Defending ... my PhD
The day has finally come … and gone.
A bit more than a week ago now, I defended my PhD thesis. An event I had been preparing for intensively in the weeks leading up to it. But really, the past years of work on this thesis have been my preparation.
The research I did during this time, along with the knowledge I acquired along the way, build one pillar of the foundation of the Embodied Intuition project. The second pillar being my exploration of different practices of inner inquiry. It is the former I want to highlight today.
During the work on my PhD, I got to delve into the topic of intuition and related phenomena such as consciousness, questions of the self, theories of emotions, embodiment and social cognition. My work is situated between psychology, philosophy and neuroscience and investigates intuition from the perspective of the judgment and decision making community. Broadly speaking, this community asks how humans make judgments and decisions, what kind of processes are involved in this and whether some processes work better than others in making “good” decisions.
I am dedicated to building a bridge between science and spirituality, so over the next few months I will cut my research into bite-sized pieces and adapt to make it accessible for non-academic readers. Just as importantly, I will focus on showing you how my research is applicable to daily life.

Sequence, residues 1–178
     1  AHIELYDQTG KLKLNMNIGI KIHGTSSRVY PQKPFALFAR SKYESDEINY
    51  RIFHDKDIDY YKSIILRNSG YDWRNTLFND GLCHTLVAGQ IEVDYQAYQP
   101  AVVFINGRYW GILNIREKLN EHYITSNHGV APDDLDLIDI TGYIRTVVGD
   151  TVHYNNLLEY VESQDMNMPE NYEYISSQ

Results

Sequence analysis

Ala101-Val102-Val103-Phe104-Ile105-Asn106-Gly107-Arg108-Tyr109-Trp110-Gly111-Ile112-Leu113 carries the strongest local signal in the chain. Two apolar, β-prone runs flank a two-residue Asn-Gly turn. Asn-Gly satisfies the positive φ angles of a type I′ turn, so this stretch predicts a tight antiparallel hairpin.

Because, if there is one thing that I have learned over the course of the last couple of years researching intuition, it is that there are myriad ways in which intuition can be both helpful and reliable in our daily lives.
The challenge seems rather to lie in gaining – or re-discovering – access to our intuition by shedding the layers of doubt and the false belief that only careful analysis will guide us towards success in navigating the dense forest of our daily decisions.
And one of the most fundamental access points seems to be our body. Hence the term Embodied Intuition.
If you’re interested in reading any of my research as-is, you can download most of the papers from my public researchgate profile. If you do read them, I’d love to hear your thoughts!